"This agreement is very much like the proposal in the president's budget, it is very much like the proposal passed by the Republican House of Representatives and it will save billions of dollars in interest for all 11 million students taking out loans this year by dropping rates on all student loans," said Tennessee Sen. Lamar Alexander, the top Republican on the Senate Health, Education, Labor and Pensions Committee.
Alexander, a former education secretary, called Harkin's proposal "a short-term, political fix."
"That's no fix at all when we have a plan to help all students that we can pass quickly," he added.
Nothing was happening — quickly or not — before July 1, meaning students who take loans would face higher rates. Senators were heading out of town without a deal, and Harkin said his colleagues would consider a retroactive fix on July 10.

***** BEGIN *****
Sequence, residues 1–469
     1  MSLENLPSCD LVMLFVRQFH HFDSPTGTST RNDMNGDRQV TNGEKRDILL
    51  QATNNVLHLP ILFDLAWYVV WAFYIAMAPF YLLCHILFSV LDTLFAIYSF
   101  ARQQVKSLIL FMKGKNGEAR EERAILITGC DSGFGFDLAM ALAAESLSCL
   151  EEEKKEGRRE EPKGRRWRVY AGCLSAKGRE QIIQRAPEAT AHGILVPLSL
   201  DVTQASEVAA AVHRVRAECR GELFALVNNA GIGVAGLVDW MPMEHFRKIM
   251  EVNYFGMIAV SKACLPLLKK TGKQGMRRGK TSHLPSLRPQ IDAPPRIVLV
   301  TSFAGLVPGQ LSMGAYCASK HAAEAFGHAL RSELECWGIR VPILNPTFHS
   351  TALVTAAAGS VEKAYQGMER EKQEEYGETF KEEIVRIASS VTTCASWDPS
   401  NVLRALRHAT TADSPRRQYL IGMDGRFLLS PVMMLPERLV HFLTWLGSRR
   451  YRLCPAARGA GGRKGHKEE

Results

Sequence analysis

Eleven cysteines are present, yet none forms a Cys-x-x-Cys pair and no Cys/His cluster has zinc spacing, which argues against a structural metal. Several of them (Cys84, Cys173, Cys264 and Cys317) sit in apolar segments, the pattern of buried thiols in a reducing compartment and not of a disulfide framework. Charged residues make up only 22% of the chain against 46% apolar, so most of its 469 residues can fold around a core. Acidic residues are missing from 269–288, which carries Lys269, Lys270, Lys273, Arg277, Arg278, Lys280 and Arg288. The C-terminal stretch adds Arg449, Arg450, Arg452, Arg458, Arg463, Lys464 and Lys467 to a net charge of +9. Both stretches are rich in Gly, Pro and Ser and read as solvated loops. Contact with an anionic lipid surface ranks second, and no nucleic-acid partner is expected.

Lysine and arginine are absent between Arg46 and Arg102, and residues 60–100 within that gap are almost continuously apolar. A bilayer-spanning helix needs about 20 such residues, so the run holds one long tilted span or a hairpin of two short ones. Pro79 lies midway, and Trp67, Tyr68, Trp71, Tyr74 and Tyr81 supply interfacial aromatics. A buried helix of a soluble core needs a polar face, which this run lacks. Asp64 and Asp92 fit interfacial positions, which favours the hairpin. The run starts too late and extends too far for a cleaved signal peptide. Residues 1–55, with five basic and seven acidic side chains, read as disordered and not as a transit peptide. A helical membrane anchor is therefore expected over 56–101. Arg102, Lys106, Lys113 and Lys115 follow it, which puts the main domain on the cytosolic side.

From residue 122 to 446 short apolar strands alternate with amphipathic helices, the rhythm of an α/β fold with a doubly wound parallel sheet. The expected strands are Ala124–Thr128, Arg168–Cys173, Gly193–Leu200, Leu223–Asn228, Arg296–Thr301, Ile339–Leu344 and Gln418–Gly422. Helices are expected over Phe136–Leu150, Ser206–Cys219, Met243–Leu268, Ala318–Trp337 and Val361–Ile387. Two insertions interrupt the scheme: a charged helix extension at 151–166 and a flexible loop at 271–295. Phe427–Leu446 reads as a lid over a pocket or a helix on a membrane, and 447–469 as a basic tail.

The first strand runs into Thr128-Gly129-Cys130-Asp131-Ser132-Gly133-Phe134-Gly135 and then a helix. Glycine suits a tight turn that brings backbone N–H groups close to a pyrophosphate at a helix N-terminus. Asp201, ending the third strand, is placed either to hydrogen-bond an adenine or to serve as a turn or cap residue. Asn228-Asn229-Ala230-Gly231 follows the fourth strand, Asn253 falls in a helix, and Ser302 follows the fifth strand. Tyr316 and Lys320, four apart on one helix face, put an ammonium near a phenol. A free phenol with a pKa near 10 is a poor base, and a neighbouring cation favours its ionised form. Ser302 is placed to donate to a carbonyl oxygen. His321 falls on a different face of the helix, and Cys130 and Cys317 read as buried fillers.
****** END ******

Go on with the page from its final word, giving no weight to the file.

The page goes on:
"I think we are nowhere between now and July 1," said Rep. George Miller of California, the top Democrat on the House Education and the Workforce Committee. "It sounds to me like the Senate is going to leave town without dealing with this."
But Democrats promised to turn back to them when they get back to Washington, first with a short-term fix and then a longer-range measure.
The law that governs college and universities expires this fall and lawmakers planned to rewrite it starting in September. Democrats said they prefer to include a comprehensive student loan measure in it, rather than as a stand-alone bill.
"We need a one-year patch to keep interest rates from doubling on student loans," said Sen. Elizabeth Warren, D-Mass. "That buys us the time."
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